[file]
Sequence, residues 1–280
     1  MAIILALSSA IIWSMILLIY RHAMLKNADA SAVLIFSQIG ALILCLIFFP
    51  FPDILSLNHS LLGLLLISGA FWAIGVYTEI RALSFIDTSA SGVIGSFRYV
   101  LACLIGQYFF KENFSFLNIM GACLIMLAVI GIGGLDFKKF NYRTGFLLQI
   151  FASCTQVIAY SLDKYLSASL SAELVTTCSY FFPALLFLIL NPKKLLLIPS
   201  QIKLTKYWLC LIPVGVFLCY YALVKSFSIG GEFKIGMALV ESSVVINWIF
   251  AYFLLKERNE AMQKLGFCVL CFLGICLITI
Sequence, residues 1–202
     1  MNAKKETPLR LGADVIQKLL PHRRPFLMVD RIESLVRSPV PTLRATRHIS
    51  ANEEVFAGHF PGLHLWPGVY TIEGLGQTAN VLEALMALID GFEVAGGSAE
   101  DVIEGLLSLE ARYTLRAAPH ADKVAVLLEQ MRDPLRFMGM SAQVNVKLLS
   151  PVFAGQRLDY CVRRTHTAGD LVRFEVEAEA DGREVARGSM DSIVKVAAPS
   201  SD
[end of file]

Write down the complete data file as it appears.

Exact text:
Sequence, residues 1–280
     1  MAIILALSSA IIWSMILLIY RHAMLKNADA SAVLIFSQIG ALILCLIFFP
    51  FPDILSLNHS LLGLLLISGA FWAIGVYTEI RALSFIDTSA SGVIGSFRYV
   101  LACLIGQYFF KENFSFLNIM GACLIMLAVI GIGGLDFKKF NYRTGFLLQI
   151  FASCTQVIAY SLDKYLSASL SAELVTTCSY FFPALLFLIL NPKKLLLIPS
   201  QIKLTKYWLC LIPVGVFLCY YALVKSFSIG GEFKIGMALV ESSVVINWIF
   251  AYFLLKERNE AMQKLGFCVL CFLGICLITI
Sequence, residues 1–202
     1  MNAKKETPLR LGADVIQKLL PHRRPFLMVD RIESLVRSPV PTLRATRHIS
    51  ANEEVFAGHF PGLHLWPGVY TIEGLGQTAN VLEALMALID GFEVAGGSAE
   101  DVIEGLLSLE ARYTLRAAPH ADKVAVLLEQ MRDPLRFMGM SAQVNVKLLS
   151  PVFAGQRLDY CVRRTHTAGD LVRFEVEAEA DGREVARGSM DSIVKVAAPS
   201  SD